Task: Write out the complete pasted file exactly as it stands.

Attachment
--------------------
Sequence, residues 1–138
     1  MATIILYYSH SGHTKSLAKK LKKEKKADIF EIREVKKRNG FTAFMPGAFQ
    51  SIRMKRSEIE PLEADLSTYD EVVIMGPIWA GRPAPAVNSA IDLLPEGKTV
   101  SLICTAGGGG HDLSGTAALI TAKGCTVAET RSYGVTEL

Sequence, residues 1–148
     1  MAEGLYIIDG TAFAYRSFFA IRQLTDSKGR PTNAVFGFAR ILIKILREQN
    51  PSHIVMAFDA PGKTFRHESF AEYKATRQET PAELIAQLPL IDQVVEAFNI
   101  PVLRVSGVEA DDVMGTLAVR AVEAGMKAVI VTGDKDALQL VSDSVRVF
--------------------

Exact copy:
Sequence, residues 1–138
     1  MATIILYYSH SGHTKSLAKK LKKEKKADIF EIREVKKRNG FTAFMPGAFQ
    51  SIRMKRSEIE PLEADLSTYD EVVIMGPIWA GRPAPAVNSA IDLLPEGKTV
   101  SLICTAGGGG HDLSGTAALI TAKGCTVAET RSYGVTEL

Sequence, residues 1–148
     1  MAEGLYIIDG TAFAYRSFFA IRQLTDSKGR PTNAVFGFAR ILIKILREQN
    51  PSHIVMAFDA PGKTFRHESF AEYKATRQET PAELIAQLPL IDQVVEAFNI
   101  PVLRVSGVEA DDVMGTLAVR AVEAGMKAVI VTGDKDALQL VSDSVRVF